Next to the heart there was a bucket that contained clean white rocks, and a sign that said:

I thought about taking a rock, but since I don't know the next time I'll be in the area I decided to leave them for other people. I thought it was a great creative idea, though.

Five years ago today: Celebrations All Around At Our House!

Thursday, June 18, 2020

Recycling Road Trip

After we were sure that our house had sold late last year Hubby Tony and I had a long list of things to purge before we could move. I posted items on Facebook Marketplace and Craigslist and monitored the pickups. Hubby Tony organized the garage and basement, making stacks of things for me to get rid of and gathering the old paint and chemicals to recycle.

One Saturday afternoon he made a trip to one of the two county household hazardous waste facilities. When he got there during the posted open hours the gate was locked. Back at home, he sent an email and learned that due to a mix up-the associate had gone to the wrong location. The center apologized, and offered to set up a specific appointment time, but in the bustle of moving Tony never got around to it.

I opened the paint and let it dry out, then tossed the cans in the trash. The chemicals came to the condo with us and got placed on a shelf in the storage area, and the whole recycling project got put on the back burner. Then COVID hit, and the hazardous waste facilities were shut down along with everything else.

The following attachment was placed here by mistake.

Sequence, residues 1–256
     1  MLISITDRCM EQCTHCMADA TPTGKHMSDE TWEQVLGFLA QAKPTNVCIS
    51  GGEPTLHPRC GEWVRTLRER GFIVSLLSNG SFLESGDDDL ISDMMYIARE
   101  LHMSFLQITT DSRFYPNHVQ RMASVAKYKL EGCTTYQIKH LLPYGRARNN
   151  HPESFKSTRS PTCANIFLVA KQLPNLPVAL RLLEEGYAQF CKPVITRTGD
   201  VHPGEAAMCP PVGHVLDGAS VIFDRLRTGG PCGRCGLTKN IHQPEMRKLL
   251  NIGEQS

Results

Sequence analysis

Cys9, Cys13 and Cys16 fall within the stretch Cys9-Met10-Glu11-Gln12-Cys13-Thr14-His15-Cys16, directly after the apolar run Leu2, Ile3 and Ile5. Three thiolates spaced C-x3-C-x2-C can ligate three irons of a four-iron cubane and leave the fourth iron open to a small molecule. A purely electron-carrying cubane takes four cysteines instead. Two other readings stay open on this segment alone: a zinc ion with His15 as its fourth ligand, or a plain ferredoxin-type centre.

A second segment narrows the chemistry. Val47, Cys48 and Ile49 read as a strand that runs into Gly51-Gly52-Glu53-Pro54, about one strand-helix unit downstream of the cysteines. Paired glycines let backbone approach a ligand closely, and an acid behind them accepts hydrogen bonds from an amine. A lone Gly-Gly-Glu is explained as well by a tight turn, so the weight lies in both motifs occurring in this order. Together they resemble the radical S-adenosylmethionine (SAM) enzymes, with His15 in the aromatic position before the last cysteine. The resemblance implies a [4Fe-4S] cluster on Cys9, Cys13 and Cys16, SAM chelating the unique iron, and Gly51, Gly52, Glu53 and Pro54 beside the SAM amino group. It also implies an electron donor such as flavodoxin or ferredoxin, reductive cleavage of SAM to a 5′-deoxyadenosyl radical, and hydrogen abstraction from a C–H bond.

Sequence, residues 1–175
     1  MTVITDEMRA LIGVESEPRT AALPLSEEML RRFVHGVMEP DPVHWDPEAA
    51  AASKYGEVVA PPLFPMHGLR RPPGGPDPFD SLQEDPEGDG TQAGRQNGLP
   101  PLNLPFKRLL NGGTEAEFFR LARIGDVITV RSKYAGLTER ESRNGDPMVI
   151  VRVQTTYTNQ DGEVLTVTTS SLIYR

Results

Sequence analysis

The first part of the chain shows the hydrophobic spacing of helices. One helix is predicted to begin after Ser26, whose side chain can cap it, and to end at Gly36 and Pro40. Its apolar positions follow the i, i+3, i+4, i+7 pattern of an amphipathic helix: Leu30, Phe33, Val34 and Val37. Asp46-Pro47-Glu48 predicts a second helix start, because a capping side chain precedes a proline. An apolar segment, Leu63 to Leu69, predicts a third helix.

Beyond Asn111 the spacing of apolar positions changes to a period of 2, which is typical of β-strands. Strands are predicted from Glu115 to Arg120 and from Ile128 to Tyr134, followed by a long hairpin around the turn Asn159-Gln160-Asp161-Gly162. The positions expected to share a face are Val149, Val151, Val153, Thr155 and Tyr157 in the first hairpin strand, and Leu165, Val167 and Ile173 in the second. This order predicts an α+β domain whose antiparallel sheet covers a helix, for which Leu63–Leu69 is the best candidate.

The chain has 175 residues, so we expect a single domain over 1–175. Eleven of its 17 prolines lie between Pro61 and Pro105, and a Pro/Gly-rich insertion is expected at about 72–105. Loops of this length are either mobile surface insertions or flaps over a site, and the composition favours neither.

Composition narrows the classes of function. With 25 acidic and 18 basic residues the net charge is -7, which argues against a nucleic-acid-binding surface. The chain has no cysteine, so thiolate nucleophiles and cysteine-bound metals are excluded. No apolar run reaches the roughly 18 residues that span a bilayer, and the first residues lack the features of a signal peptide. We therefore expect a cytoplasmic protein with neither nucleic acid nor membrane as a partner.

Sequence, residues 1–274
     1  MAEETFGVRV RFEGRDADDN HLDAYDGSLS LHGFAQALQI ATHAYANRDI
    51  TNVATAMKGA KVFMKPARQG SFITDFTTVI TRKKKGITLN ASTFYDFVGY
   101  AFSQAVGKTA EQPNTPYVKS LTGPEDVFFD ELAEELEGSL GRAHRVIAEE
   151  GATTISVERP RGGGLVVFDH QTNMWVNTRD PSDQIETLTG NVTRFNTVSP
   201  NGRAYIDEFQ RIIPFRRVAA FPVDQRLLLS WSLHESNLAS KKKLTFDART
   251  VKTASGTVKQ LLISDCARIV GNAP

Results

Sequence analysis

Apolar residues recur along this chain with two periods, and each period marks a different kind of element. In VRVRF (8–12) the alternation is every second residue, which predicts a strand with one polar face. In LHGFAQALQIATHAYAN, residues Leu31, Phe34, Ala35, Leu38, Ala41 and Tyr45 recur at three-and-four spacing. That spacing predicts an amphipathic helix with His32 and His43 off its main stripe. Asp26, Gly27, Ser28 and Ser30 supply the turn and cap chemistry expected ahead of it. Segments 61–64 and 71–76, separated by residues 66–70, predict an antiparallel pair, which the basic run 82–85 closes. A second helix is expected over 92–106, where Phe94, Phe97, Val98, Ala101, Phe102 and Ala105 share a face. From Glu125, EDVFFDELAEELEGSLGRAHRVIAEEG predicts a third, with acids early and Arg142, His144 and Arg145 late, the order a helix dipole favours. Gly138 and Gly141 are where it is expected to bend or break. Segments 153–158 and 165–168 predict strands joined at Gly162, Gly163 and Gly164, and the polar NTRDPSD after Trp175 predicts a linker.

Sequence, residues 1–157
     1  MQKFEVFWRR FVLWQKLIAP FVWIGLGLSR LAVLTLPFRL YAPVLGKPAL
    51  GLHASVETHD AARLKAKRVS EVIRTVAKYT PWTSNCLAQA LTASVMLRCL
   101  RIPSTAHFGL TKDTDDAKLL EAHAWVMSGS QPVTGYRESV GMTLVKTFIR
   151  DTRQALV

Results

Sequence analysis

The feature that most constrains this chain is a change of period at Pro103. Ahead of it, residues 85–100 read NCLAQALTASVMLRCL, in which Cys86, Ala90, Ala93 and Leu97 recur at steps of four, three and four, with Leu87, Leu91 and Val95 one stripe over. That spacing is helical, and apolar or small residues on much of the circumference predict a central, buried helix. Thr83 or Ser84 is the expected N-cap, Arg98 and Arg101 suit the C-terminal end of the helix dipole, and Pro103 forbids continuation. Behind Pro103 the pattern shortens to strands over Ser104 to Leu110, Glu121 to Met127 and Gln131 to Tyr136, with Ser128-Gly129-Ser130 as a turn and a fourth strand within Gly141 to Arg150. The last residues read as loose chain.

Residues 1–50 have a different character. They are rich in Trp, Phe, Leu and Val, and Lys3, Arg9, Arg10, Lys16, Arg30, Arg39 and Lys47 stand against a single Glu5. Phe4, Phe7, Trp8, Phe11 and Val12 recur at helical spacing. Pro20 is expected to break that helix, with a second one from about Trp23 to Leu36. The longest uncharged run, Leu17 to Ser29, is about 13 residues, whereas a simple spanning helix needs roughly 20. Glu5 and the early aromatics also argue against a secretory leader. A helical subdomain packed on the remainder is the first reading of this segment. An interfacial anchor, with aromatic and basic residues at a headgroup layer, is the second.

They opened up again last week. I told Tony that since I currently have a pretty flexible schedule I would take care of getting rid of the waste and clear up a nice big spot on the storage area shelf. When I looked on the website I saw there were a lot of open reservations, so I chose one for today. Last night Tony helped me identify the things to get rid of, piled them into a plastic milk carton, and put them in my car.

Since the quarantine started in mid-March, I have done so little out of the house that I was really looking forward to my 'adventure'. Even the closer of the two facilities was a 30 mile round trip, so I also found a couple of other errands to do along the way. One of them included buying produce, and the temperature was warm enough that I brought a cooler-the first time I've had to do that this year.

After driving through the bank, stopping at both a grocery and warehouse store I started towards the recycling center. By doing that last I could take advantage of a scenic drive along a greenway. As I got closer to my destination the area got more industrial,  and I found the recycling center next to a large wastewater treatment plant.

The drop off process was easy. There were five cars ahead of me, and when it was my turn I put on my mask and rolled down my windows. The associate asked me for my name, and verified I had a reservation. I stayed in my car while he opened the car's lift gate, removed the chemicals, then closed the lift gate. The associate thanked me for coming in and told me I could leave.

For an even bigger change of pace I came home the more direct way, which was still an interesting drive.  All too soon I was home and pulling into the garage. Today's road trip was over.

Five years ago today: "I Live In A World Of Wonders‏"

Wednesday, June 17, 2020

Eat Your Vegetables!